It claims the Food Information Regulation, EU Regulation 1169/2011, which will become effective in December 2014 could be used to create a significant improvement in the clarity of the supply chain.
Darren Heathcote, business unit director, Sun Branding Solutions, told FoodQualityNews traceability is not apparent throughout the supply chain but only in part.
“There is currently a conflict between the economic, price-pressured environment for food and beverages and the time-honoured UK/European ‘due diligence’ traceability approach of managing "one up, one down" in the supply chain," he said.
He added economic pressure has led to products being sourced from anywhere geographically and suppliers only manage their contacts directly beneath and above them along the chain.
“The former pressure has resulted in raw materials being sourced from an increasingly geographically dispersed supply chain to either reduce or hold prices,” said Heathcote.
“The latter (due diligence re traceability) means there is less awareness of the length and breadth of this chain with the first tier manufacturing base than perhaps there could be (because they are focused on their direct supplier base only, rather than where their direct suppliers are sourcing raw materials from).
“Add to this the fact it’s generally not in the direct suppliers’ interest to disclose its supply chain details because first tier manufactures could use this information to source directly (cutting out the middlemen), and we have a status quo.”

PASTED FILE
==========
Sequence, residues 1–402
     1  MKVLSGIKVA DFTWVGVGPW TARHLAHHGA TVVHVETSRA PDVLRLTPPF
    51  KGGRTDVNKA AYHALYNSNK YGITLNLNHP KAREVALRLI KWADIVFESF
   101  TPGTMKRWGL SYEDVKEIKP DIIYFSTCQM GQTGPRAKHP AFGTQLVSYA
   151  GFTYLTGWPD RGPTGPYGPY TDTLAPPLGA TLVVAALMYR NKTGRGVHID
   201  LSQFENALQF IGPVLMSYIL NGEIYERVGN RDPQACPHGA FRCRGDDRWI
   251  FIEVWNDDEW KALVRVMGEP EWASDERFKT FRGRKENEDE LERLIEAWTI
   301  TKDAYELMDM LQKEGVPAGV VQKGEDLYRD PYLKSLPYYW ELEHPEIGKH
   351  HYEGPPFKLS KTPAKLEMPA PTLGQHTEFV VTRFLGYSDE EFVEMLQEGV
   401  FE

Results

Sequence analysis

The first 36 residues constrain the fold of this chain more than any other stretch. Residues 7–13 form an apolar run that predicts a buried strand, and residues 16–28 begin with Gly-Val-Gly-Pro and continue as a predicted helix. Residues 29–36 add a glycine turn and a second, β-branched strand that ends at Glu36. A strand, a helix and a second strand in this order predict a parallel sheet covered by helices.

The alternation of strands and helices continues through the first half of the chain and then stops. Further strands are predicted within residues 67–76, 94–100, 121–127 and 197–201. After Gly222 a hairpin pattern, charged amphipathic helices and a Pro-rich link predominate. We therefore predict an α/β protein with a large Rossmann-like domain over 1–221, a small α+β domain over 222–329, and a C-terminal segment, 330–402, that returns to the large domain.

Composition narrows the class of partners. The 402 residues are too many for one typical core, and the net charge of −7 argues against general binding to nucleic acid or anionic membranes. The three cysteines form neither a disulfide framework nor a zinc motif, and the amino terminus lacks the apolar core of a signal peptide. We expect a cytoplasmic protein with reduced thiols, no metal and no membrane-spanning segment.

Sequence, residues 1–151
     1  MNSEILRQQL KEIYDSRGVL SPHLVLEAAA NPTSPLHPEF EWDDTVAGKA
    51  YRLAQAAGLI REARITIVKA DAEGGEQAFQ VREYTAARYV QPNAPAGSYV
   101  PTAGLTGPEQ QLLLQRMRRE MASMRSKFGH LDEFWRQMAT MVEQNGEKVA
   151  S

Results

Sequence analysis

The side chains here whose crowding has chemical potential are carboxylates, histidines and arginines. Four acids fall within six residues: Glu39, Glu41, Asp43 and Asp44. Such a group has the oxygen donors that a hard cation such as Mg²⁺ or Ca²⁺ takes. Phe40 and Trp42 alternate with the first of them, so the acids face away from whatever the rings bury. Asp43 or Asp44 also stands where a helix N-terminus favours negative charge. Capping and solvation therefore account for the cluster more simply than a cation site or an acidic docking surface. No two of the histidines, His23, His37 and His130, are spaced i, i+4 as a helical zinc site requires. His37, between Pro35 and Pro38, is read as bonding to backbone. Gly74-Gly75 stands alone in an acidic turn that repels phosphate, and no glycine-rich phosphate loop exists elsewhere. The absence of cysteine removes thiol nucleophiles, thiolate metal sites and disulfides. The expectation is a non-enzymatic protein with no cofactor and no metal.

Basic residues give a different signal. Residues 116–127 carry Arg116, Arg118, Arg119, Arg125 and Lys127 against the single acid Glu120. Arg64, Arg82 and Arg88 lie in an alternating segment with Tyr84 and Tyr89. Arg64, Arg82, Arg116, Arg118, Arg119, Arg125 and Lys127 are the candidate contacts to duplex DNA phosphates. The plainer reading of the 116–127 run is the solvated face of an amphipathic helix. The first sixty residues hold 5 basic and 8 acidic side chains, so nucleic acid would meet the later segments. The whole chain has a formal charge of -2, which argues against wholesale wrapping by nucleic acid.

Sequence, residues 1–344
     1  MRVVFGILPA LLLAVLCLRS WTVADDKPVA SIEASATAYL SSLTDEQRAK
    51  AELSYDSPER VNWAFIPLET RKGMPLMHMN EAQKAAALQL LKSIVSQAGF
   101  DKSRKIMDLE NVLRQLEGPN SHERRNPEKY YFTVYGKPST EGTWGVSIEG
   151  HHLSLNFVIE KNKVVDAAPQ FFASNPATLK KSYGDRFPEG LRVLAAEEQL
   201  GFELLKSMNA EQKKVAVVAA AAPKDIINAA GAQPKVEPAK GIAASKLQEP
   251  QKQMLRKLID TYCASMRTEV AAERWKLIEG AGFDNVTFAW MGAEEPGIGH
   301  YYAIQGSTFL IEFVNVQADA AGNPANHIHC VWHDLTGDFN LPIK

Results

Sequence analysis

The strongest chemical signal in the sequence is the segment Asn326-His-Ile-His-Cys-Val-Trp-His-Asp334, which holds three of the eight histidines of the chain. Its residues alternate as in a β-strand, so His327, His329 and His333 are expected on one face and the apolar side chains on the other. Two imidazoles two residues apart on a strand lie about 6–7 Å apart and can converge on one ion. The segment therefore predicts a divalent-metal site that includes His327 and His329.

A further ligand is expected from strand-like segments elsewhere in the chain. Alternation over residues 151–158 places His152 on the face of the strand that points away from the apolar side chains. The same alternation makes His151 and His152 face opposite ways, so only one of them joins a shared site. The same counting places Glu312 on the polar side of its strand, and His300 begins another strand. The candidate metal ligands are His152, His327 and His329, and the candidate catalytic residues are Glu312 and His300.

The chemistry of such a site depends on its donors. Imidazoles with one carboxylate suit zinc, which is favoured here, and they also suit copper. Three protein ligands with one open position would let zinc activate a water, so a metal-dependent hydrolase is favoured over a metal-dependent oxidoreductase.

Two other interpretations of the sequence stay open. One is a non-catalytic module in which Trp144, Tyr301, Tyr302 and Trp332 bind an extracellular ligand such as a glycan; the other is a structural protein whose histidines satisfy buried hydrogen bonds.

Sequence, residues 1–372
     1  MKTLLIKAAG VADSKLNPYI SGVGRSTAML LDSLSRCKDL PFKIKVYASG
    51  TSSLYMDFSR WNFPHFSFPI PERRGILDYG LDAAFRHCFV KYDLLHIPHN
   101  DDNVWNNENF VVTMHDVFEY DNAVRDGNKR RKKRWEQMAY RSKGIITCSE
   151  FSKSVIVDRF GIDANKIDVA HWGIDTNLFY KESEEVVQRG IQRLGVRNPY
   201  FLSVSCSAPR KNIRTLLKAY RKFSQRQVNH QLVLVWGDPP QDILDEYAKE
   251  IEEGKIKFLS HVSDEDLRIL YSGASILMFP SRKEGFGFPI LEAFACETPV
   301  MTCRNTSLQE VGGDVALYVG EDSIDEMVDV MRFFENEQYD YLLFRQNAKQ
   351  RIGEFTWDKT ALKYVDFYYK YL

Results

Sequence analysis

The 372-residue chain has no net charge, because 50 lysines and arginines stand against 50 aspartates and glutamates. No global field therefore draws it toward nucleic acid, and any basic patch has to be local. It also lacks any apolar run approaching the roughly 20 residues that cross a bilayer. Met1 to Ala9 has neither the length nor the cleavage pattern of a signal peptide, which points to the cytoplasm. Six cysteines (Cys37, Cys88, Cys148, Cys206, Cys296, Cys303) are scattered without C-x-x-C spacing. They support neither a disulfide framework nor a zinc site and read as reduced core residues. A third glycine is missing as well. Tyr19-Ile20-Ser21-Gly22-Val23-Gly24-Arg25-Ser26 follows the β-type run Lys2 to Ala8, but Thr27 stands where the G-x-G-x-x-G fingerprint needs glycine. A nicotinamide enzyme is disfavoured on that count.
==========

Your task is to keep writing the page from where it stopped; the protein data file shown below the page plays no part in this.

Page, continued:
Heathcote said until something changes in the circle, for example, through greater disclosure legislation, then a number of pragmatic challenges will hamper the best-held ambitions of full supply chain visibility.
“The new labelling rules from Europe could be used to create a significant improvement in the clarity of the supply chain, and that will go a long way towards restoring consumer confidence,” he added.
The EU Regulation 1169/2011 changes existing legislation on food labelling including: nutrition information on processed foods; origin labelling of fresh meat from pigs, sheep, goats and poultry; highlighting allergens e.g. peanuts or milk in the list of ingredients; better legibility i.e. minimum size of text; and requirements on information on allergens.
The law combines two directives into one legislation: 2000/13/EC labelling, presentation and advertising of foodstuffs and 90/496/EEC nutrition labelling for foodstuffs.
Restoring consumer confidence
According to Phil Dalton, head of regulatory at Legal Impackt, Sun Branding Solutions, supermarkets and food manufacturers need to focus on making sure information is correct and presented in a coherent and customer friendly format.
“A lot of focus post-Horsegate has been upstream in the supply chain but that’s invisible to consumers,” he said.
“They assume that’s happening anyway and the fact that it hasn’t been happening is disappointing.
“The way to communicate a positive message is through clear and concise labelling. New labelling rules from Europe have created an opportunity to make a step change in the clarity of labelling that will go a long way towards restoring consumer confidence.”